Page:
Bilbao is a city I would return to again and again. My husband had lived there many years ago as a missionary for our church. Twenty years ago, as he describes it, it was a dirty, industrial city. Now the industries are gone, it has been cleaned up, and features beautiful modern buildings like the Guggenheim. I would return just to see the Guggenheim again. The new and modern architecture of Bilbao is what probably comes to mind when you hear Bilbao mentioned, but a hidden jewel tucked away from the downtown area is Casco Viejo, the old city.
The old city is filled with a unique character, and interesting shops. I wish we had more time and more money while we were there. Spanish fashion, both for children and women, is vibrant and interesting. Casco Viejo is filled with current trends and also traditional clothing for children. I really wish we had bought our son a traditional Basque outfit, complete with boina. We called him hombrecito while in Spain. With a boina, he would really have fit the part. In addition to clothing, there are many artisanal stores, with modern high end stores mixed in.
In Toledo, the streets were draped with canvas to keep out the harsh sun. In Bilbao, the streets were draped with flags and banners celebrating the Athletic Club of Bilbao, their professional football club. It is an interesting mix of medieval and modern, much like all of Bilbao. It has a different feel from central Spain. The northern coast is more rainy and green than the rest of Spain. In fact, a couple we met from Ireland says it is just like the Irish coast. There are remnants of Celtic culture in northern Spain. The bagpipes are played. Many churches display celtic symbols. Bilbao is part of the Basque country. The Basque country has its own language, called either Basque or euskara. Bilbao displays its signs in both Spanish and euskara. This language is spoken only in the Basque country. It has no known linguistic relatives. This adds an exotic air to this northern Spanish brigadoon.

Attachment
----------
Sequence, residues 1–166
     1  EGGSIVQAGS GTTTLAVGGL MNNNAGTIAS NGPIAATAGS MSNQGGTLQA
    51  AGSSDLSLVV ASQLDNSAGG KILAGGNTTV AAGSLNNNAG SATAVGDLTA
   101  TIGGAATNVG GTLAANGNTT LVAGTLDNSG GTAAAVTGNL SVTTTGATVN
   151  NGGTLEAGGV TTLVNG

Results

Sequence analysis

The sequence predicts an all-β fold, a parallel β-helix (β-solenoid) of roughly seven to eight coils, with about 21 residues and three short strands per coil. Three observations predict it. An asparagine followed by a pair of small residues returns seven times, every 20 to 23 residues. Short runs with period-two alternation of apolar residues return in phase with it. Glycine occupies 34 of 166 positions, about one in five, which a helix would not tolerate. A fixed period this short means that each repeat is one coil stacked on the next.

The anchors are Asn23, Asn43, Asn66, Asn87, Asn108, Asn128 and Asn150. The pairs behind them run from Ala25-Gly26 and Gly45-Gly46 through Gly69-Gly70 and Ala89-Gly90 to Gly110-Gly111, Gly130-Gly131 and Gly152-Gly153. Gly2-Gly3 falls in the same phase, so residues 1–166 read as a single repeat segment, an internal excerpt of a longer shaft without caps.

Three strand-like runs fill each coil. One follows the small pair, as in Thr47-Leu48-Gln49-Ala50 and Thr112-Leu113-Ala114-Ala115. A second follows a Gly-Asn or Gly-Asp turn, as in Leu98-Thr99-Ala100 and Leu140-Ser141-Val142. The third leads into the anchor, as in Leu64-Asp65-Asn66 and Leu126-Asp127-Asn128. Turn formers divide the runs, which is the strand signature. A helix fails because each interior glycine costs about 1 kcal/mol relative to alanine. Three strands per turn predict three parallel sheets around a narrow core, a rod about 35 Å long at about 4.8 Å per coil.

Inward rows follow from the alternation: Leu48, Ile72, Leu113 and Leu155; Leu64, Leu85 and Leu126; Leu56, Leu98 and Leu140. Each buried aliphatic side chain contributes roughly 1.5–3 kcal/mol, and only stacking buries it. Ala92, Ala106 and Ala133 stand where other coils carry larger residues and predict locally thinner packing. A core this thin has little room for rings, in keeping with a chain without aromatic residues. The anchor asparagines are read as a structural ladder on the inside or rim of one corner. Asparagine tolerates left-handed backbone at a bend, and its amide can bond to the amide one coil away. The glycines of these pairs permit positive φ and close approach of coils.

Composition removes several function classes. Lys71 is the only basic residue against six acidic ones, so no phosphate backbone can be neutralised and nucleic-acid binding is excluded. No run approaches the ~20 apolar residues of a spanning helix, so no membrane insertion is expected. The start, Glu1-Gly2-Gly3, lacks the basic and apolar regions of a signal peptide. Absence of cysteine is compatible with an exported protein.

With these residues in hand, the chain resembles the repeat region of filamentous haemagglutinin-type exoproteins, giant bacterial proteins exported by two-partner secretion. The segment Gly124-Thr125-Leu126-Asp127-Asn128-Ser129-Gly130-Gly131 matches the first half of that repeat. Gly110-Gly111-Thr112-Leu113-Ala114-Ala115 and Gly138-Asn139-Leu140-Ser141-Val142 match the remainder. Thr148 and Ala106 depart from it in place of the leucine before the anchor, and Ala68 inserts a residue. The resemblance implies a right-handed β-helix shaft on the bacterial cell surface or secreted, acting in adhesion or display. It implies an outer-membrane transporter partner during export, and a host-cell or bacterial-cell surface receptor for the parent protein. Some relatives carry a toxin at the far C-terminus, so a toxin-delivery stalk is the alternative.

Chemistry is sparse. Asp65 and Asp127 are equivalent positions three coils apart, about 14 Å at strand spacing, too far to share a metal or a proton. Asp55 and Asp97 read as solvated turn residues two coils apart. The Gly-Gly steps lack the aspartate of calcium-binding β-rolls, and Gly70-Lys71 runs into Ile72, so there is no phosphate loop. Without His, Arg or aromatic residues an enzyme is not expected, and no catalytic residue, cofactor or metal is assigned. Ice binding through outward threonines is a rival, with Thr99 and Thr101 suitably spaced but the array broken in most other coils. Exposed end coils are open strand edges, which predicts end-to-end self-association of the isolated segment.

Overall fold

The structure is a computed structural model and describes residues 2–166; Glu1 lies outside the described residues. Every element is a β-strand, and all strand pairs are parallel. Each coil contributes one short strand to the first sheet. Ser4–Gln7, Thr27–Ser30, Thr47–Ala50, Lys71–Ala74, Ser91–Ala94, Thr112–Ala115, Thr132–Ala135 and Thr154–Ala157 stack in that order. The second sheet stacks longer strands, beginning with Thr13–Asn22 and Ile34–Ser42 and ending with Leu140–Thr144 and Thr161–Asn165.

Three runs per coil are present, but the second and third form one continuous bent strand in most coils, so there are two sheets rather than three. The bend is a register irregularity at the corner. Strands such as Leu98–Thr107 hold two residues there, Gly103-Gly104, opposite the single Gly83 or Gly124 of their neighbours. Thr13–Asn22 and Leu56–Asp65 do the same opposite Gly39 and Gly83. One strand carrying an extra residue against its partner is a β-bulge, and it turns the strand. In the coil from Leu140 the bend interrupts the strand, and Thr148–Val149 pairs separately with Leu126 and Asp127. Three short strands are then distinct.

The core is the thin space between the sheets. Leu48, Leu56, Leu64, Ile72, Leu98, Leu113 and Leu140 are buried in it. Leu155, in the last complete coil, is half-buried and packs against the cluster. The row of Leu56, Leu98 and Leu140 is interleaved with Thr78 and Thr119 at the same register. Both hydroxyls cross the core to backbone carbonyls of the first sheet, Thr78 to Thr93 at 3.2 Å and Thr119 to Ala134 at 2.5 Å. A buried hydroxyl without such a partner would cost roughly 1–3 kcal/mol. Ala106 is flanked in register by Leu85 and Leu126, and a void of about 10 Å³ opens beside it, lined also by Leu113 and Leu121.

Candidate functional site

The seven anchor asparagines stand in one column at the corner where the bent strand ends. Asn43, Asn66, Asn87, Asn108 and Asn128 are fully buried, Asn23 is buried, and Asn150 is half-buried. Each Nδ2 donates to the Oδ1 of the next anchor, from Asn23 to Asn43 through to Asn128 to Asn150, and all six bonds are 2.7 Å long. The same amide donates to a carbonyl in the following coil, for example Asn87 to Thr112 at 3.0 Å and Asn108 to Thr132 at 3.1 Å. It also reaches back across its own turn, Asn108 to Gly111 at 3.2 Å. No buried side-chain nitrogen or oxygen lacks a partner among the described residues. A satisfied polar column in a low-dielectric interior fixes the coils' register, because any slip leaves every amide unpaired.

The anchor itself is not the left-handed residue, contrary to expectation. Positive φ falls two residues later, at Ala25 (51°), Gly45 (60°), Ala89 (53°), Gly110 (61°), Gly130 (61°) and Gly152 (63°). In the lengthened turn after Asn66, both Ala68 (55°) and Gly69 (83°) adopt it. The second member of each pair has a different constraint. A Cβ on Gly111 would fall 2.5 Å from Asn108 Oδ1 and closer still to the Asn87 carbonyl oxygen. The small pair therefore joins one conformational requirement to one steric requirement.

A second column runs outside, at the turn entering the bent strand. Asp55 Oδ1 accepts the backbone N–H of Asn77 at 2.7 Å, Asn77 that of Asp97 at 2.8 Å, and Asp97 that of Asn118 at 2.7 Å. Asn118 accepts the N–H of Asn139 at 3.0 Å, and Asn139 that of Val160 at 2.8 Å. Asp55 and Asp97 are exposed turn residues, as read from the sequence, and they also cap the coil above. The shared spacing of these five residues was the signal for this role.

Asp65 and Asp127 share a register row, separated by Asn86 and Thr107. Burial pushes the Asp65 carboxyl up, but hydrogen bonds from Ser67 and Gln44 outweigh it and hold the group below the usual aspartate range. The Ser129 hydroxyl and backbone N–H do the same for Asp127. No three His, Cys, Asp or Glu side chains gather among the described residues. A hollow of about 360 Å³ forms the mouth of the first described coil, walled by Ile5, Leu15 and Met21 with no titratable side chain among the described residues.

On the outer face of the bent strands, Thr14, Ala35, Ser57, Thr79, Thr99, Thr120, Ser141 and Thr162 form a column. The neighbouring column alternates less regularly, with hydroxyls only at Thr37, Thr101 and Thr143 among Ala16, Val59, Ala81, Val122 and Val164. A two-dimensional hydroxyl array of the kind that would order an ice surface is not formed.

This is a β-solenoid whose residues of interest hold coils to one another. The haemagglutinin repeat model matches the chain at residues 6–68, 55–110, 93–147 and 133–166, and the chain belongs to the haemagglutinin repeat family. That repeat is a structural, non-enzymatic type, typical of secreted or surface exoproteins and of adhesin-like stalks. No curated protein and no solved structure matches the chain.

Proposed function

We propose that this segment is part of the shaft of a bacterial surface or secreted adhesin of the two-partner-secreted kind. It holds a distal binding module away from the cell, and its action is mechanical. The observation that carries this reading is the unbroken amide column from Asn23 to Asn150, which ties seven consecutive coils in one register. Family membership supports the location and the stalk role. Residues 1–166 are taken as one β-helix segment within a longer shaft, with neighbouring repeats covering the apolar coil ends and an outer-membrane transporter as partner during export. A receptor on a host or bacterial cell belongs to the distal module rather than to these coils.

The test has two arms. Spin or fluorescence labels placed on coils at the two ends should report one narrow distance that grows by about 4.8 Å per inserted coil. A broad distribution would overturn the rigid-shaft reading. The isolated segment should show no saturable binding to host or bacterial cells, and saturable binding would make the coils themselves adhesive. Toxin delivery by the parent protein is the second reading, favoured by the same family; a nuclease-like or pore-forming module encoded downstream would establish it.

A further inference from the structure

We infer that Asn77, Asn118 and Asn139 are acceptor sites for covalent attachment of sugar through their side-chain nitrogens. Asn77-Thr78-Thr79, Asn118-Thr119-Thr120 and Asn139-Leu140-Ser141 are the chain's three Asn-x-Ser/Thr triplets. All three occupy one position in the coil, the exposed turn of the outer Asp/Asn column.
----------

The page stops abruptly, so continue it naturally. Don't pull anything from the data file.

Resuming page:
Wandering in Casco Viejo, we came upon this plaque in the street. My husband and I have talked about doing the Camino de Santiago with our children someday. The Camino de Santiago was one of the major Christian pilgrimages from medieval times. Legend says that the remains of St. James were buried in the town of Santiago de Compostela. The scallop shell is a symbol of this pilgrimage. Like the lines on the scallop shell, all lines lead to a single point. In this case, that single point is the remains of St. James in Santiago de Compostela. This plaque is modern day interpretation of the scallop shell symbol. We encountered other versions of the symbol, a scallop shell carved in stone, in other parts of northern Spain. We were thrilled to cross paths with the Camino de Santiago in Casco Viejo. Whether on the Camino de Santiago or other less formal trips to Bilbao, we hope to cross paths with Casco Viejo again.
Other posts about Bilbao: